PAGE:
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Sealed Transcripts in Breonna Taylor Case to be Released After Juror Files Lawsuit Seeking ‘Justice’

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*A recording of the grand jury in the Breonna Taylor case will be made public after a juror filed to have the sealed transcripts and records released “so that the truth may prevail.”

The motion, filed in Jefferson County on Monday (Sept. 28), also asked that the jury members be allowed to speak freely about the highly publicized case, Fox News reports. 

“There is compelling public interest for these proceedings to be released of a magnitude the city and Commonwealth have never seen before that could not be confined, weaving its way across the country,” the court documents said. “The citizens of the Commonwealth have demonstrated their lack of faith in the process and proceedings in this matter and the justice system itself.”

Kentucky Attorney General Daniel Cameron announced last week that a grand jury had chosen not to issue indictments on homicide charges against any of the three officers who fired shots during the deadly botched police raid on Taylor’s apartment on March 13. 

Taylor was shot six times when officers opened fire after her boyfriend, Kenneth Walker, shot at police first during a no-knock warrant execution.

Walker has said he believed the officers were intruders.

READ MORE: Candace Owens Claps Back at Criticism of GOP Kentucky AG Over Handling of Breonna Taylor Case [VIDEO]

Cops who murdered Breonna Taylor

Jonathan Mattingly, Myles Cosgrove, Brett Hankison (photo via Twitter.com)

Former detective Brett Hankison, who was fired in June, is the only officer facing charges in Taylor’s case. The charges do not relate to Taylor, but rather for shooting into her white neighbor’s apartment where three people were present, including a child. He pleaded not guilty to the charges Monday.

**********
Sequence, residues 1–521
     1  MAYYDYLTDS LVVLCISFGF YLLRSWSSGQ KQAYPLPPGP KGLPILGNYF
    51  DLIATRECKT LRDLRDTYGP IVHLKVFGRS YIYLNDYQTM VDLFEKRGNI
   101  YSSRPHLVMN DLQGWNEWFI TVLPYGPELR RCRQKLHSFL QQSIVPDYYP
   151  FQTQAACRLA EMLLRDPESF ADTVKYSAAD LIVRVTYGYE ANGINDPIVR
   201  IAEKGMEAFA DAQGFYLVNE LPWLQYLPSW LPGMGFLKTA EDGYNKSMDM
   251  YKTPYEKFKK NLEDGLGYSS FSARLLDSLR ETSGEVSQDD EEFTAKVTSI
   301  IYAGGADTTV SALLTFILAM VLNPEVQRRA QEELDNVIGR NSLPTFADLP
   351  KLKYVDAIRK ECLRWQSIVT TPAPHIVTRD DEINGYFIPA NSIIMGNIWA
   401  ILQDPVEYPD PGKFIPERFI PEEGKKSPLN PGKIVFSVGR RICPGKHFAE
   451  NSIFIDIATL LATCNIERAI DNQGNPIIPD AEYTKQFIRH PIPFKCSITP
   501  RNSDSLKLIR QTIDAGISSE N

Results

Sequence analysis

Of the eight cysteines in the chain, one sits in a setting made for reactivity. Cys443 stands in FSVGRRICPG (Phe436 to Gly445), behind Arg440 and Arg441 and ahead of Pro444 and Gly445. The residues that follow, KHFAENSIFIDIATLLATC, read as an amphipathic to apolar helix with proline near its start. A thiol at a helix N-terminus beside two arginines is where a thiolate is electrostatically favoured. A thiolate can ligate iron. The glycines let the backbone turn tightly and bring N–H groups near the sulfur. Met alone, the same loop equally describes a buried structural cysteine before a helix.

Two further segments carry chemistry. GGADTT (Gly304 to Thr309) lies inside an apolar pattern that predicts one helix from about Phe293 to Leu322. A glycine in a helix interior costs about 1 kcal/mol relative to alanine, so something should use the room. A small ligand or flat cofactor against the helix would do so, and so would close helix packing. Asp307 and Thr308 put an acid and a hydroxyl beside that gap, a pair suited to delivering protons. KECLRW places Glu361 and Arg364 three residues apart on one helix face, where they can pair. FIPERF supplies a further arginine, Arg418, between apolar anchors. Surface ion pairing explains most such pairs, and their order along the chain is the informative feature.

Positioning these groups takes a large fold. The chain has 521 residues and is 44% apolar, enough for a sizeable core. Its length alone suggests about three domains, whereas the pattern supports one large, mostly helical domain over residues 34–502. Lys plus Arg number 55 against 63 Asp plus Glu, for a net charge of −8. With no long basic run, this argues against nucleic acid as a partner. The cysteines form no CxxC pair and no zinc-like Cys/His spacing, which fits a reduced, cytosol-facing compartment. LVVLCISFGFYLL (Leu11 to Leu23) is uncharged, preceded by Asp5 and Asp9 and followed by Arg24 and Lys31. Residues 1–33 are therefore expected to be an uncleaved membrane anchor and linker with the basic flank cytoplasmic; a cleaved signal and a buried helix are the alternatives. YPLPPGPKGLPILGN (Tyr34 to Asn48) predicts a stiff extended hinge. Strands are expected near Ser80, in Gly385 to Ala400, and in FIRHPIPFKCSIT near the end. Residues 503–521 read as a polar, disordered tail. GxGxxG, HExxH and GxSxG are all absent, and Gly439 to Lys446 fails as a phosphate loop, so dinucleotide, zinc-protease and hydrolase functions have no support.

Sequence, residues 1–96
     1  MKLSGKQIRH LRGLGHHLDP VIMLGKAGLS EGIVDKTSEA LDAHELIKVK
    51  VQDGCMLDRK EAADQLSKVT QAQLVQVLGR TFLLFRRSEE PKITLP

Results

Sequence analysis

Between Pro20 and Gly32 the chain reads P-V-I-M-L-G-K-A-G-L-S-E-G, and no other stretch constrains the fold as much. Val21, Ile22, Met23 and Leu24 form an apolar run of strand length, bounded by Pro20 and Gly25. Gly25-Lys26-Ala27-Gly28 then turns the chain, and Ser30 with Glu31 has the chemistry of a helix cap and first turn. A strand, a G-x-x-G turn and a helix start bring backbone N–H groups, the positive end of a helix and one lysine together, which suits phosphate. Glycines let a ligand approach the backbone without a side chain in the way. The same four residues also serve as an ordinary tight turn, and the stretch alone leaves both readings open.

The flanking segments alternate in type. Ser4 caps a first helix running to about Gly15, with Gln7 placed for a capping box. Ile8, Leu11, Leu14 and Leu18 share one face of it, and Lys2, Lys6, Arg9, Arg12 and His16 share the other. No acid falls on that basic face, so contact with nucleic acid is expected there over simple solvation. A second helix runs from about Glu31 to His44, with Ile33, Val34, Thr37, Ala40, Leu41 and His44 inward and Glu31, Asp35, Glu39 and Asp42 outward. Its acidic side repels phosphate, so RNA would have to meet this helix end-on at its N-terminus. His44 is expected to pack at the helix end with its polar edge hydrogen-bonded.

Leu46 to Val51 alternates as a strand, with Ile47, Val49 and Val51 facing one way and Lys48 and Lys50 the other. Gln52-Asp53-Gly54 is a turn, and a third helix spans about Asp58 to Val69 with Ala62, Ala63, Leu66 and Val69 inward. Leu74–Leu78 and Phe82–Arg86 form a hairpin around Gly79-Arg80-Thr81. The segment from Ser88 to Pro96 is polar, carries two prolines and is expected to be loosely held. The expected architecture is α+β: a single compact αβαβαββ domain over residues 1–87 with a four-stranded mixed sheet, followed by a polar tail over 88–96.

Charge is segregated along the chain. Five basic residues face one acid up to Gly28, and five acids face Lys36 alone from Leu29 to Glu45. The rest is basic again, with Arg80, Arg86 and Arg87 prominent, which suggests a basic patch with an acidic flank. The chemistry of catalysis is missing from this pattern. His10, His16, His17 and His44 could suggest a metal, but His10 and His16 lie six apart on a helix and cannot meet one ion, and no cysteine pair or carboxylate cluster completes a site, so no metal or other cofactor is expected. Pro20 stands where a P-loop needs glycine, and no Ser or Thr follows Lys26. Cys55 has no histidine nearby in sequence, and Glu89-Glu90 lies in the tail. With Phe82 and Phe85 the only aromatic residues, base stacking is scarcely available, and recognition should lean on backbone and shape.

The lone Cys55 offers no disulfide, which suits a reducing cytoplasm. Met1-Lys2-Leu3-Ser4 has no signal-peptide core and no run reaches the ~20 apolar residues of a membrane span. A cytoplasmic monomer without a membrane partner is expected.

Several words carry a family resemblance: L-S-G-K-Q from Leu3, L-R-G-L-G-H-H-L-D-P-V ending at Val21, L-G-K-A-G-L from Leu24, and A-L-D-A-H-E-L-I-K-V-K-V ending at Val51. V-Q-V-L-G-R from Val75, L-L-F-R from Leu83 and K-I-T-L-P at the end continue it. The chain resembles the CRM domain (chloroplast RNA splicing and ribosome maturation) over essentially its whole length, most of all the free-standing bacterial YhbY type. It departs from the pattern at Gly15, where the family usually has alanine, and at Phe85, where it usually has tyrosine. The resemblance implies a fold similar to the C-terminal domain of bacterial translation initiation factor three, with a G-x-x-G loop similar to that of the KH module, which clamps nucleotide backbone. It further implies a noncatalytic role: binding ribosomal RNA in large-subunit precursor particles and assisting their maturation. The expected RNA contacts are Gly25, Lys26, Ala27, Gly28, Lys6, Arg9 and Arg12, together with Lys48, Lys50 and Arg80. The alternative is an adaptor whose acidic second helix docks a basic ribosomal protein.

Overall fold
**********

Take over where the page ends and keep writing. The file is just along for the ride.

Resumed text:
Cameron agreed to comply with a judge’s ruling to release the grand jury transcripts on Wednesday. Cameron is concerned that the move could lead to a “poisoning of the jury pool.”

“The grand jury is meant to be a secretive body,” Cameron said in a statement released Monday night. “It’s apparent that the public interest in this case isn’t going to allow that to happen.”

During his announcement, Cameron said the jury agreed that the other two officers connected to Taylor’s killing were justified in their actions. 

“The attorney general publicly made many statements that referenced what the grand jury heard and decisions that were made based on what certain witnesses said,” the court document said. “He further laid those decisions at the feet of the grand jury while failing to answer specific questions regarding the charges presented. Cameron attempted to make it clear that the grand jury alone made the decision on who and what to charge based solely on the evidence presented to them.”

“The interest of the individual grand jurors is parallel to the public but also manifests as fears of persecution, condemnation, retribution, and torment. Unfortunately, they do not get to hide behind an entity, person office,” the statement continued.

The filing noted that Cameron chose his words wisely.

“Now he has another choice in his response. Choose truth,” the document said. “Choose justice. Together Kentucky.”

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Family - Parenting - Births

Family of Detroit Woman Mistakenly Declared Dead Suing City for $50 Million

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Timesha Beauchamp

*The family of the Detroit woman with cerebral palsy who was mistakenly declared dead at a funeral home in August has filed a lawsuit against the first responders on the scene

According to PEOPLE, Beauchamp’s family has sued the Southfield EMS Paramedics for $50 million for declaring her dead when she was “very much alive,” family attorney Geoffrey Fieger said in a statement.

“All the telemetry evidence shows that Timesha was alive when EMS declared her dead,” he said in a statement. “As a result of being declared dead, she was left without oxygen for 4 hours, suffering severe hypoxic brain damage.”

The four paramedics involved have had their licenses suspended, Fieger said.

“All of this could have been avoided, had more care been taken,” he added.

READ MORE: Woman Found Alive at Funeral Home Dies of ‘Massive Brain Damage’

We previously reported, Beauchamp, 20, died at Detroit’s Children’s Hospital on Sunday of massive brain damage. Her death comes two months after she was discovered alive at a Detroit funeral home.